To get a handle on the challenge of geographic dispersion, senior executives must start thinking as hard about reverse-network activities (moving from products to components to materials) as they do about the traditional inbound ones. They will have to deal with a host of thorny trade-offs. Should refurbishment take place in the region of manufacture or of usage? When is it more economical to reduce components to their constituent materials and sell them on global markets? How cost effective would it be to establish postusage loops with business partners as opposed to making new components with virgin materials?

Developing a clear picture of the economics will be crucial, as will the ability to create “win–win” partnerships. For example, in exchange for lower prices and guaranteed access to supplies, Philips Healthcare returns used components to its suppliers and lets them decide whether to reuse the components for new builds and service parts or to sell them to raw-materials suppliers as high-quality, recyclable (or even ready-to-use) feedstock. (See, “Toward a circular economy: Philips CEO Frans van Houten,” available on mckinsey.com, on February 7.)

Reverse-logistics skills (such as collection, sorting, remanufacturing, and refurbishment) will be critical. One of the success factors in Ricoh’s GreenLine operations is the company’s “take-back” system, which optimizes supply and demand for remanufactured machines. This system requires sophisticated reverse-network-management capabilities, such as tracking the location and condition of used devices and components, as well as storing bill-of-materials information.

Complex materials

The second point of leakage involves the sheer complexity and proliferation of modern product formulations, which are rarely labeled or made public and are therefore devilishly difficult to identify after the fact, even for manufacturers. In the world of plastics, for example, companies have broadened the spectrum of materials used, in creative and complex ways. Most innovations in polymer-materials science have come courtesy of new additives that act, for example, as heat stabilizers, flame retardants, pigments, or antimicrobial agents.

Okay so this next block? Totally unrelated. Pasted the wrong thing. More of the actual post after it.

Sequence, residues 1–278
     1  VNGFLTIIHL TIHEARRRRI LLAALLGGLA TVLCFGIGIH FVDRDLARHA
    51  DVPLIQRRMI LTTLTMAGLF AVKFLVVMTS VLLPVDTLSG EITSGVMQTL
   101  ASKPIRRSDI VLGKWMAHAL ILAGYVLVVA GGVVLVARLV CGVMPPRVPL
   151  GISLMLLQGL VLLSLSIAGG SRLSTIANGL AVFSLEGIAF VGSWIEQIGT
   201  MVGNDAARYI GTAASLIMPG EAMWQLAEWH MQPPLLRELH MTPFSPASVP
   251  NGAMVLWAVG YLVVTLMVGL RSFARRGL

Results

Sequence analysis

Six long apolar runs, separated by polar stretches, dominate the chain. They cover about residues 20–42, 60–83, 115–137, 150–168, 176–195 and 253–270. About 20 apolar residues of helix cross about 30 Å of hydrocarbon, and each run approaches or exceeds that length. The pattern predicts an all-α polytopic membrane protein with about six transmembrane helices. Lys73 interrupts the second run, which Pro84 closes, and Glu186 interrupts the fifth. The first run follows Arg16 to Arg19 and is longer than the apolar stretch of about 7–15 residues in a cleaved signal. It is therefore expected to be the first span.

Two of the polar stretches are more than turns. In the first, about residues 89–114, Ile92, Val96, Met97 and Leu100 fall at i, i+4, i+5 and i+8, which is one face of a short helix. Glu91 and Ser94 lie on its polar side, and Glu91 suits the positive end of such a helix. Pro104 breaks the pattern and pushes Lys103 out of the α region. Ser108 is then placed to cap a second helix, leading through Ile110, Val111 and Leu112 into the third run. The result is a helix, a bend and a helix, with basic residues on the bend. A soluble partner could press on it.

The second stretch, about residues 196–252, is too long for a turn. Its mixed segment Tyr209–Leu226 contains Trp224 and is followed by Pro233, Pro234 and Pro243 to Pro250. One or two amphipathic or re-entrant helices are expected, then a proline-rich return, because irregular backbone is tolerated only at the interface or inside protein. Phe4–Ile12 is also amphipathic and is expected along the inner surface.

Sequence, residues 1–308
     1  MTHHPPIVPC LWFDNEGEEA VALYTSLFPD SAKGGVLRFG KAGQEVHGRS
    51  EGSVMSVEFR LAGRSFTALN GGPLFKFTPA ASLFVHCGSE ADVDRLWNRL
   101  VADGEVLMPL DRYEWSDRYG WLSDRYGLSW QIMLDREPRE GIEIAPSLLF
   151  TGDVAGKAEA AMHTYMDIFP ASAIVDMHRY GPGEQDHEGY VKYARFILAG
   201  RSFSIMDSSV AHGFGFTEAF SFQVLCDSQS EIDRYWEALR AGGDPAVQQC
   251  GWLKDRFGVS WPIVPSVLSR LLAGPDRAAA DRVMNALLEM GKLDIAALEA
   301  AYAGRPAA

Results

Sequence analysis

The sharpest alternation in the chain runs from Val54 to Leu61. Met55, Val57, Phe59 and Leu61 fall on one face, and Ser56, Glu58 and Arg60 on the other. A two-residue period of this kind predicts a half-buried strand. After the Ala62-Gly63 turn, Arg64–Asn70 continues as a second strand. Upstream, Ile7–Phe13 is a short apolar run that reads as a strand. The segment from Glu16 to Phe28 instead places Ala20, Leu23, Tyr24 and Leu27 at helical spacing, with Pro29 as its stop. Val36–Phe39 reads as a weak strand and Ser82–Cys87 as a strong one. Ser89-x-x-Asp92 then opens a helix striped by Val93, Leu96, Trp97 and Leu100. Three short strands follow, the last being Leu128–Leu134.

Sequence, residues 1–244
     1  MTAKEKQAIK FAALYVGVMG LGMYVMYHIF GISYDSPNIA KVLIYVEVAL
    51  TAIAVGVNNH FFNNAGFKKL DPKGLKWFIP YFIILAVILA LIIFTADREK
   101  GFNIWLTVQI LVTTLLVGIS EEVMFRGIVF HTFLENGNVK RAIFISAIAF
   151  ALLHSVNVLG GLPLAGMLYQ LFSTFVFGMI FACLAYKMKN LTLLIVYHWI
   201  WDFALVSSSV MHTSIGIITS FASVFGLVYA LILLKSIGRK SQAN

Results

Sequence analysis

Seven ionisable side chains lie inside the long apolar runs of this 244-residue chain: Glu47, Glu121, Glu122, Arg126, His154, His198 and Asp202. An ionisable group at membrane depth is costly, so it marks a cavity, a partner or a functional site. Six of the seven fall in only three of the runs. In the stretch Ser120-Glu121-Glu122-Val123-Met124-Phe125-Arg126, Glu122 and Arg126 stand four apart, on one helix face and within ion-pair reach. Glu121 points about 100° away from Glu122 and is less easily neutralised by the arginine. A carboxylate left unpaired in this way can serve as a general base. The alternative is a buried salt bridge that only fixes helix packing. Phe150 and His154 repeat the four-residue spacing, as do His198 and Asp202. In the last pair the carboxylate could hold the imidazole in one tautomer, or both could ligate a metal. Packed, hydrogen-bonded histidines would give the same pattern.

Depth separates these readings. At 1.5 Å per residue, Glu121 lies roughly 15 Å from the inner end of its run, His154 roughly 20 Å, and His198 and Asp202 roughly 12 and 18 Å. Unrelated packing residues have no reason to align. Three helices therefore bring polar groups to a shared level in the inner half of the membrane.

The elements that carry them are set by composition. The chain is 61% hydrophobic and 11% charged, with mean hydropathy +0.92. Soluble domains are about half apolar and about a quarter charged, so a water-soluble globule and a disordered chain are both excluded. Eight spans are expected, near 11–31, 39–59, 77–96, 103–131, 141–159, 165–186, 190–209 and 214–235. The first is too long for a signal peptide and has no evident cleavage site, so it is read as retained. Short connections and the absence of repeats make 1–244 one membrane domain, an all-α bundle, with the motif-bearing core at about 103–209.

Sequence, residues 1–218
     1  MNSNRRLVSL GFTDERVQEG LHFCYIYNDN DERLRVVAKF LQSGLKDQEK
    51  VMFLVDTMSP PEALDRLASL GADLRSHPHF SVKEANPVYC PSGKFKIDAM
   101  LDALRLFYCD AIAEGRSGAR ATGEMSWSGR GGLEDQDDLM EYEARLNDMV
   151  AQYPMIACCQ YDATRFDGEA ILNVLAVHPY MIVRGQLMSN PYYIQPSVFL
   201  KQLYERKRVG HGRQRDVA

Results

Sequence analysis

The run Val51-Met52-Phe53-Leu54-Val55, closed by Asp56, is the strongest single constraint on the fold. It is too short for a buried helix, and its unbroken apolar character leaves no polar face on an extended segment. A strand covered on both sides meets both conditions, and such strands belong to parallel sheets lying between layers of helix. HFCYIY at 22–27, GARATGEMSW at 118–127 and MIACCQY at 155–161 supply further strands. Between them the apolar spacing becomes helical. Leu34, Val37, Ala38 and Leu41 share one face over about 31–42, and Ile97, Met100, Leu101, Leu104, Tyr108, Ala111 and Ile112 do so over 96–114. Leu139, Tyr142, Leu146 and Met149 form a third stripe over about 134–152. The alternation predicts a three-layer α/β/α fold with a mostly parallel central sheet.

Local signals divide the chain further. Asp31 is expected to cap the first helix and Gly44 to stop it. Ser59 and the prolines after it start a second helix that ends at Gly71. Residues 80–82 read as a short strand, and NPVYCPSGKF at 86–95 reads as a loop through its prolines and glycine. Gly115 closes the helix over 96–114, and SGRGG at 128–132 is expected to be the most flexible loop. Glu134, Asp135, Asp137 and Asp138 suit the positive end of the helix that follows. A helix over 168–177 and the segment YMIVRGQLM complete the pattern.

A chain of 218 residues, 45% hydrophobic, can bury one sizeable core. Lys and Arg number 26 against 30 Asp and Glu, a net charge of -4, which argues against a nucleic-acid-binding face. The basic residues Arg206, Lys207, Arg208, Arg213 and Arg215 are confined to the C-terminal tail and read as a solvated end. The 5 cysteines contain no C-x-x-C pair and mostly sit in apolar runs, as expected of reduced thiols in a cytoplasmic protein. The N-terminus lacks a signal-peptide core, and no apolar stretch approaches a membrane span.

In addition, the proliferation of materials can come from sheer habit or even management inattention. Companies, for example, often add materials to cut costs or innovate and then later fail to revisit these decisions; in their purchasing practices, say, they might introduce 16 plastics, where 4 would cover all functional specifications and application needs. These problems have exponentially increased the complexity of materials, while making it hard to classify and collect them on the scale required to create arbitrage opportunities or to demonstrate the returns needed to attract investors.

Moreover, companies often have no cost-efficient way of using chemical or physical processes to extract embedded raw materials without degrading the product, so most of the original value is lost in current, smelter-based recycling processes. For example, only $3 worth of gold, silver, and palladium can currently be extracted from a mobile phone that, when new, contains $16 worth of raw materials.